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Author's profile photo Thomas Frenehard

GRC Tuesdays: Governance, Risk and Compliance, Taking Into Account Cultural Differences

Language and terminology is always a key starting point when companies decide to harmonize their risk and control process and break departmental silos. Having a standard set of definitions for what a risk is, what a control is, what different impacts mean, and so on, is indeed a prerequisite for collaboration.

This becomes even more important when these companies decide to go one step further towards a single view shared by business operations, risk management, internal control, and internal audit, all the way up to the board.

Unfortunately, what can sometimes be forgotten and jeopardise the entire process are the cultural differences between regions and countries.

Policies and Procedures


Most, if not all, companies have policies such as IT Security, Employee Code of Ethics, etc. If a policy is written in one country and not reviewed for local adaptions for other regions, there is a high likelihood that comprehension will not be the same across the globe. This could lead to two potential outcomes:

  • people acknowledging it but not applying it because they deem it’s not relevant
  • people erroneously thinking they understood it but actually not complying with it (worst case)

I attended a conference some time ago where I learned the term “compliance” is one of the hardest to translate because it is as much a word as it is a concept.

For instance, in some countries, facilitating payments are the norm. For employees of companies rolling out anti-bribery policies, this is not only a compliance issue, but requires a certain change in mind set and business approach. They might feel that this is not relevant to them because this is the way business is conducted locally. As a result, they might decide to ignore the policy and put the company at legal risk.

Similarly, some time ago I had a discussion with a company that issued all its audit recommendations in English so that the central Corporate Audit team could easily follow the progress. Unfortunately, they soon realized that many of their auditees weren’t proficient in English and that the recommendations weren’t being fully understood, and needless to say, they weren’t being enforced adequately.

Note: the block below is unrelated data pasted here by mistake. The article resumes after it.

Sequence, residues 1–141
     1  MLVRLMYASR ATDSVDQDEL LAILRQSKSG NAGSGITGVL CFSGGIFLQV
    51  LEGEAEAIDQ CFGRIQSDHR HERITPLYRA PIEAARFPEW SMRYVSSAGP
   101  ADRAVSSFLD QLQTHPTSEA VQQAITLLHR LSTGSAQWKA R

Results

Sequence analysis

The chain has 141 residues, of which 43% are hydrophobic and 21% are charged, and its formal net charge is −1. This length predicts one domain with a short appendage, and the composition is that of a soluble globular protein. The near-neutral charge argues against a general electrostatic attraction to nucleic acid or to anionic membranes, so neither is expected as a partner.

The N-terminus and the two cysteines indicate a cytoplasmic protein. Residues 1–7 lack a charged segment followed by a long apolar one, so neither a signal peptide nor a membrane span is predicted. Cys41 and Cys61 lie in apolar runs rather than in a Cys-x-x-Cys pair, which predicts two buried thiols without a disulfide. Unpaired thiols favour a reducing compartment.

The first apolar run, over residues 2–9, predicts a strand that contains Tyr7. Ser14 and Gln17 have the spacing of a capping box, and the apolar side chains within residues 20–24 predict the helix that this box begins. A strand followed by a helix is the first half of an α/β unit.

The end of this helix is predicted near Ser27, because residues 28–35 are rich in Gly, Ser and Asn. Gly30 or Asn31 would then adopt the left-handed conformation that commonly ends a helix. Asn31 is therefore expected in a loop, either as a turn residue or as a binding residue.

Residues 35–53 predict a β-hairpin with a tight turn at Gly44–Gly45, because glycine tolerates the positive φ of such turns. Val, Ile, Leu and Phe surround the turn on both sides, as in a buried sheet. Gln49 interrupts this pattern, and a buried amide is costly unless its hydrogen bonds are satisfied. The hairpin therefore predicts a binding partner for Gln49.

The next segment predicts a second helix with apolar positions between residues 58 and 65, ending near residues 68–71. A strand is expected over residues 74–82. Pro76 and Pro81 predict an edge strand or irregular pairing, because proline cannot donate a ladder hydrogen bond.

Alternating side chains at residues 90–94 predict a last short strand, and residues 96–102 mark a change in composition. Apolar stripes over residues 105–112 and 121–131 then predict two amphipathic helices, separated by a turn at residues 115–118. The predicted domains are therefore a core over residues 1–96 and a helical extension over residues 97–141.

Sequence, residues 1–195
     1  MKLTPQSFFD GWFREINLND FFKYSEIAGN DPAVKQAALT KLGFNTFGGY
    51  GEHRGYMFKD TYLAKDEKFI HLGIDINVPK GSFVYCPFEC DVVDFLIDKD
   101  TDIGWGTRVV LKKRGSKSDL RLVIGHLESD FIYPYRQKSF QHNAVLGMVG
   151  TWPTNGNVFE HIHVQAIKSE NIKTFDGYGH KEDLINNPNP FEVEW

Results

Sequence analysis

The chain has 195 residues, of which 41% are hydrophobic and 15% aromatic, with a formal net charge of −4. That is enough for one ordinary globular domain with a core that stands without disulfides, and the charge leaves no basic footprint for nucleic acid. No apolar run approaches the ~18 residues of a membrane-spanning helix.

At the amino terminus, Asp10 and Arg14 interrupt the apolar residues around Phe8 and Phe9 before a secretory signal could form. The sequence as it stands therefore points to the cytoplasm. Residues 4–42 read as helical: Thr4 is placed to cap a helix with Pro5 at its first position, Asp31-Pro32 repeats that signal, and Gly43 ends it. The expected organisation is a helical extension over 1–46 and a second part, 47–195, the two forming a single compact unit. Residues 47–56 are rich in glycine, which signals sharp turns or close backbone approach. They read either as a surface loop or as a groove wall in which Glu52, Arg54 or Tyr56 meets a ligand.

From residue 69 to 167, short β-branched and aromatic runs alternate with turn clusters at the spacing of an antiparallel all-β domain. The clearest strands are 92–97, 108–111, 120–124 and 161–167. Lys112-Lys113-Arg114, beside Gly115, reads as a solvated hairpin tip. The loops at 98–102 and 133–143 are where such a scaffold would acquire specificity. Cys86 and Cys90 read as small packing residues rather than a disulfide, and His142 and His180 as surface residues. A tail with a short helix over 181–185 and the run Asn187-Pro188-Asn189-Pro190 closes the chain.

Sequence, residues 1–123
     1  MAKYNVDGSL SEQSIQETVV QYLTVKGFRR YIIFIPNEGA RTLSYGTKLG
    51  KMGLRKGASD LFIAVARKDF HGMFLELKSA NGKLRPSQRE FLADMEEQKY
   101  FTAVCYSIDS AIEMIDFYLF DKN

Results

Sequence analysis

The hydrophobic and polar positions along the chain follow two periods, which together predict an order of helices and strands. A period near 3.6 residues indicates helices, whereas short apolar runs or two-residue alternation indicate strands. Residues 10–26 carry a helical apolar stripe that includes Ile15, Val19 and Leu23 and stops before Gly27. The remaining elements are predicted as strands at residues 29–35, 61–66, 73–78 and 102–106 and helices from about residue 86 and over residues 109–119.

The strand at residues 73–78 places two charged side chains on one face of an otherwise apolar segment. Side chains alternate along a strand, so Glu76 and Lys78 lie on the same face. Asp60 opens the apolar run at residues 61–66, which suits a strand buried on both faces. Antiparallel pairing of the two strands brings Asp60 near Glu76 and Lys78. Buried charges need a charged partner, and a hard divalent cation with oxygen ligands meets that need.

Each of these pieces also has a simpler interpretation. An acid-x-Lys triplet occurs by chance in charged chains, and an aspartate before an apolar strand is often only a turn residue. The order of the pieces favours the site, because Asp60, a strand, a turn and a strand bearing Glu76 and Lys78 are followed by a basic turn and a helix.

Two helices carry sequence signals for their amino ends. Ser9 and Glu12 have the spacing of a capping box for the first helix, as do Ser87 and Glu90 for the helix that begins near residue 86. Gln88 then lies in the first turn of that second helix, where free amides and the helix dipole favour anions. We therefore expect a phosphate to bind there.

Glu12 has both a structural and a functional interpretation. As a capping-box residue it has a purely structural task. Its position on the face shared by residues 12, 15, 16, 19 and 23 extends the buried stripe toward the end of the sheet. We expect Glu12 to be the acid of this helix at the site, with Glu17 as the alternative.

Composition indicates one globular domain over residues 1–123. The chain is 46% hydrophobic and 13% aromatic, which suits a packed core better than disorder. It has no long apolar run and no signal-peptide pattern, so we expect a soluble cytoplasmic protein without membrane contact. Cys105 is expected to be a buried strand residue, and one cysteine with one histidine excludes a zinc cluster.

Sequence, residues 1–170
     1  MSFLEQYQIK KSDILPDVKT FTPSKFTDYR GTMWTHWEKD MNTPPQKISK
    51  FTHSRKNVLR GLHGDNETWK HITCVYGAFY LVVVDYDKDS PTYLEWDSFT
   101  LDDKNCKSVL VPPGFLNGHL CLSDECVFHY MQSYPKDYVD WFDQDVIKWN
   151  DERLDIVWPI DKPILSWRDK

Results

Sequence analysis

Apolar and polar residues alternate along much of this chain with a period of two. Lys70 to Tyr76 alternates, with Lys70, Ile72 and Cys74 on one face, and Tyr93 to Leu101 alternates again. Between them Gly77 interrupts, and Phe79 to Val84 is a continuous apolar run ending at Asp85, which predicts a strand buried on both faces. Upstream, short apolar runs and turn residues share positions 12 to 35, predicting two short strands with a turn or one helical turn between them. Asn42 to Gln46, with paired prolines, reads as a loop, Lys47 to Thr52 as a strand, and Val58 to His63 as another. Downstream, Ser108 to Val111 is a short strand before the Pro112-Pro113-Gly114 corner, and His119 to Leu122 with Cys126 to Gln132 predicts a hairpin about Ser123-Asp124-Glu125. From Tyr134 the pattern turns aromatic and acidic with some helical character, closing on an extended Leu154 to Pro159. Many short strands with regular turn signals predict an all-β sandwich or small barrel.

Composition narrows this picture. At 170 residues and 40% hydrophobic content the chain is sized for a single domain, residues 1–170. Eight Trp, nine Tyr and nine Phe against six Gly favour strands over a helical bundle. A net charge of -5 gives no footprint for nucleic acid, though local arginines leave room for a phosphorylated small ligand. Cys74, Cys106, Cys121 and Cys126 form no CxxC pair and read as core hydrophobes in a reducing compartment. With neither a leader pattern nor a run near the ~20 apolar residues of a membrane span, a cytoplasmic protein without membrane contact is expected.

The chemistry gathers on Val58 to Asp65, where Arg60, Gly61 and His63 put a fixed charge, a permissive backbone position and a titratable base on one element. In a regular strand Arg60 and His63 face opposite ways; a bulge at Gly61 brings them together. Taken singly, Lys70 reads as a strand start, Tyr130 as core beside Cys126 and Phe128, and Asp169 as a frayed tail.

Of course this is a very complex topic and I don’t think it can all be solved in one day with simple steps. But I wanted to share with you a few thoughts on how adapting governance, risk, and compliance processes to local cultures can be started.

Recruit local champions


Local champions will help on two fronts:

  • translating (and adapting!) the terminologies into the local language
  • diffusing the governance culture

They will be the best relay to ensure that the policies and processes are adequate in their country and region, and will be able to provide feedback on whether new adaptions are required to ensure full compliance.

Reach out to professional organizations


Either directly or via the local champions, I would suggest making full use of professional organizations that have local representations.

The Institute of Internal Auditors (IIA) is a perfect example of these professional bodies. Each local “chapter” of the IIA has its own members and own publications, guidance, etc. They can provide great support on understanding local best practices.

Illustrate with examples


Finally, I kept this suggestion for last but I think it is by far the easiest to leverage. I have read many policies, compliance guidance documents that are very theoretical. And many times, it was because the writers felt that it was the easiest way to make them universal. I’m sorry, but I beg to differ. To me, this is the easiest way of disconnecting Governance, Risk and Compliance from the business. I would recommend using examples, even if not real life but fictional, to illustrate what is expected from the person receiving it.

I understand this is only a very high level description of this crucial topic, and that much more than 500 words would be necessary to fully discuss it, but I hope this can be helpful for some companies that are facing this issue and are unsure on how or where to start. Do you have any other suggestions for our readers?

I look forward to reading your thoughts and comments either to this blog or on Twitter (@TFrenehard)!

Originally published on the SAP Analytics Blog

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